It was a very chilly winter morning when I read a newspaper report of the passing away of Dr Tulsiram. To be honest, I had never heard of him till I read his obituary. Then, I overheard some of my colleagues in college discussing him and grieving at his untimely death. I was intrigued by some of the stories I heard about this distinguished person. Dr R. B. Maurya, from the Department of Political Science, loaned me his personal copy of Dr Tulsiram’s autobiography. There it was – the admirably written life story of a remarkable man. Since my interest is in world literatures in English, I know very little about Hindi literature, and books written in Hindi. So this proved to be a double bonanza for me: The life story of a spectacular person, and such a vividly written book in Hindi!
It was with a great sense of trepidation that I started reading Murdahiya, on account of a lack of confidence in my ability to read such highbrow literary Hindi, which, nevertheless, faithfully reproduced the dialects of the rustic Uttar Pradesh hinterland. But once I embarked on this curious and strange journey of my very own “discovery of [an] India” so alien to my upbringing, there was no turning back. The very first sentence of the preface captured my imagination, which explained the reasons for Dr Tulsiram choosing this extremely startling title, “Murdahiya”, for his autobiography: all routes to and from Dharampur, Dr Tulsiram’s birthplace, had to pass through this cemetery. Thus, this murdahiya inadvertently dominated the lives of the surrounding villagers, while at the same time denoting and reflecting the immense desolation and bleakness of their existence.
The ugly caste discriminations, the exploitation by the so-called higher castes and the abject poverty of his own origins are obviously the chief reasons that Prof Tulsiram regarded his early life as a metaphoric murdahiya, but what is so admirable about the narration is the total absence of any dark and pessimistic tone. There is no whining or self-pity, or any kind of mud-slinging on the oppressors – only an objective presentation of the reality, stark and raw, in its often gory details. It is in a very simple, straightforward and matter-of-fact manner that he exposes the double standards, hypocrisy, deeply embedded corruption so rampant in the very fabric of our social organizations and culture (or mostly the lack of it!). The experiences that he had to undergo, because of the misfortune of being born into a so-called low-caste family, are horrifying to say the least. He successfully bares the ugly underbelly of our caste-ridden society.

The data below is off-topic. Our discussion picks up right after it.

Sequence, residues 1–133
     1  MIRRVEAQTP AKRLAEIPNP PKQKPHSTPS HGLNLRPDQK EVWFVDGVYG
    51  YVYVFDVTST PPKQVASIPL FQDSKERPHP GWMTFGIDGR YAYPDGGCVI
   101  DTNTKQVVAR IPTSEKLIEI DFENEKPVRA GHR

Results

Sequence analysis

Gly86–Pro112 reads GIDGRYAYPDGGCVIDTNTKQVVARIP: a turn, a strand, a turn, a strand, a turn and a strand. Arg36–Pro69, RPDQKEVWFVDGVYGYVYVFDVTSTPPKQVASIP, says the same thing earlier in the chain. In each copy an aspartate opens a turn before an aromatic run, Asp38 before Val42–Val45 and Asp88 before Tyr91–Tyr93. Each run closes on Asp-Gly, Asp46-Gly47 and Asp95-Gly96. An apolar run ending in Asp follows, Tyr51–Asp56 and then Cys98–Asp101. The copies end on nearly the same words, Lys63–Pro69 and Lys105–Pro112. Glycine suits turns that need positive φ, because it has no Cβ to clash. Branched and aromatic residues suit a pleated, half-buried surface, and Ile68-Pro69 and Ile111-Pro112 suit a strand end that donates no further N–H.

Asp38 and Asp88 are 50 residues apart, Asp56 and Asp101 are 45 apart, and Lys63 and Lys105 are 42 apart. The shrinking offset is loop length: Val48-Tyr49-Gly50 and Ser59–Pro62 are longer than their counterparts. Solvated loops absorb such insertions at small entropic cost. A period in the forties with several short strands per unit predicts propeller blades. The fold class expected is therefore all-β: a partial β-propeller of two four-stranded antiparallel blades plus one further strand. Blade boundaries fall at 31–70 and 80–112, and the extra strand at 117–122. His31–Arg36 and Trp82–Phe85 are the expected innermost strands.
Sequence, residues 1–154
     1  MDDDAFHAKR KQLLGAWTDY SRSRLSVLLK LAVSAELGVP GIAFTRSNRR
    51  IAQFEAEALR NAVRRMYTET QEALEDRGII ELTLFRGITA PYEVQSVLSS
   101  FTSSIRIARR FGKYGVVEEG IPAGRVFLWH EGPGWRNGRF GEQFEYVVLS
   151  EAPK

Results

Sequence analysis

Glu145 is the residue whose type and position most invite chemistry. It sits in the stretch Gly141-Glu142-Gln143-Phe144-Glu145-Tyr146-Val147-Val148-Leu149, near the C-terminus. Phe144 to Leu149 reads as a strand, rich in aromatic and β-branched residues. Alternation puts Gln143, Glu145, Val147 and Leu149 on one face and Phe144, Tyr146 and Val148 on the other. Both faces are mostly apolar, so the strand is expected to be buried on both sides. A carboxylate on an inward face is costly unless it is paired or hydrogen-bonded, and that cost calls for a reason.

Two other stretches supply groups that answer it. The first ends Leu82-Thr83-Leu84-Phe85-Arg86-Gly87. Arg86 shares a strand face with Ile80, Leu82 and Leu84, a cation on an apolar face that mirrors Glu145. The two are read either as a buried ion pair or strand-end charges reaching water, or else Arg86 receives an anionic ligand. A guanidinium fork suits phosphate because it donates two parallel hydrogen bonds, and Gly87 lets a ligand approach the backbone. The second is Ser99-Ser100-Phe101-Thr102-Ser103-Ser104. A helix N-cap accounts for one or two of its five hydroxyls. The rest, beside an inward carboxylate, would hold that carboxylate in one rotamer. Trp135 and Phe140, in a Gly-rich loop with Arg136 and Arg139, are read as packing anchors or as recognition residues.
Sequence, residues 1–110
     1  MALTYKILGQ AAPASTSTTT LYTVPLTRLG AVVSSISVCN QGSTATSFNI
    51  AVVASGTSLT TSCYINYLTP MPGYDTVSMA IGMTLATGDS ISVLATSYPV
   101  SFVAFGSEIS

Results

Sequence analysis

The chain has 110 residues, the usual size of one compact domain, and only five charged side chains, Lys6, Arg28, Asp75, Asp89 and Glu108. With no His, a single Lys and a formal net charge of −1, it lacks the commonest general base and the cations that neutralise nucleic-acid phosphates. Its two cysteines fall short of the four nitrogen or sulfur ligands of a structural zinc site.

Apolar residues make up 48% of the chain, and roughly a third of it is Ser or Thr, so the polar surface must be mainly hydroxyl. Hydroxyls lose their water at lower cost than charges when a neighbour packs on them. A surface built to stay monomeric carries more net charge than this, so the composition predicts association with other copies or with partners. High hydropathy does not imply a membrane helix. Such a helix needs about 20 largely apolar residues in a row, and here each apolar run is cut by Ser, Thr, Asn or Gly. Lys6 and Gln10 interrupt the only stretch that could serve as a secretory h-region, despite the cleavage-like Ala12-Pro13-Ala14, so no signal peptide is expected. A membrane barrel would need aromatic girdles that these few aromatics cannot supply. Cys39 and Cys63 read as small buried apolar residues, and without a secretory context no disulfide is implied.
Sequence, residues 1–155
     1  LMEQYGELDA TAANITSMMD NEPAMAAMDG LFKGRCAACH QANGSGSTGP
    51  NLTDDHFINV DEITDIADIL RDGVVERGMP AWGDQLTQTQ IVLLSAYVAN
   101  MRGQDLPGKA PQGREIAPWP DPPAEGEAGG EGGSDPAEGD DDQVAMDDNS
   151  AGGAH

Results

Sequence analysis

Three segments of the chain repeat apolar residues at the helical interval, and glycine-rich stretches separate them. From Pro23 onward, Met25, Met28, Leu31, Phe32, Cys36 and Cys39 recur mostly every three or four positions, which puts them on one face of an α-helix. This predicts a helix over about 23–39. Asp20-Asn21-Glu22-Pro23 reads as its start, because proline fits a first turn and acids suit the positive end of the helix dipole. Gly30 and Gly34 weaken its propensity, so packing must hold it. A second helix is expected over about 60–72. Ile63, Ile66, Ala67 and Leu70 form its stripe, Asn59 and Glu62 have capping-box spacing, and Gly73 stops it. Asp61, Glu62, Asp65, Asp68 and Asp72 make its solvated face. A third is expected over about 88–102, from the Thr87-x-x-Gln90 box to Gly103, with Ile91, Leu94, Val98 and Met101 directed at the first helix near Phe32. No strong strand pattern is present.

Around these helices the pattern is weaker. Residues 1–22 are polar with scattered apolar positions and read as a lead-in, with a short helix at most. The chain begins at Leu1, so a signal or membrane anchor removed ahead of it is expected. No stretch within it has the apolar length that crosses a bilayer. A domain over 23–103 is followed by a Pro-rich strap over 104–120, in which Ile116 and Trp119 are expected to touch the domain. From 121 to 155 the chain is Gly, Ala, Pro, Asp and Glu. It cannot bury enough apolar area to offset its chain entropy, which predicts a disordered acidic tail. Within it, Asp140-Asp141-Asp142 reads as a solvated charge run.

This book proved to be a shocking eye-opener to someone like me, who is a contemporary of Dr Tulsiram, but who, unlike him, had the advantage of being reared in a totally westernized environment, in a secure and financially comfortable family, in what was then called Bombay (now Mumbai). I was cocooned from and oblivious to the harsh caste-based politics and its ugly consequences on lives elsewhere in the country. The academic milestones achieved by the author almost closely tally with my own, year by year. But what a seemingly bottomless chasm divides our lives! I am awed by this vividly narrated account of the utterly poverty-stricken environs of his early life. It is the sheer horrors of endless famines and their consequences, combined with a quiet acceptance of being considered “untouchable” and “unlucky” that make this journey of this determined man spectacular and, at the same time, exemplary – a journey rising from the graveyard-resembling life of Dharampur, through the literal, symbolic burning ghats of Benares, finally culminating in a leadership position in the famed Jawaharlal Nehru University.
I am truly grateful to Dr R.B. Maurya for introducing me to the life of such a remarkable and accomplished personality.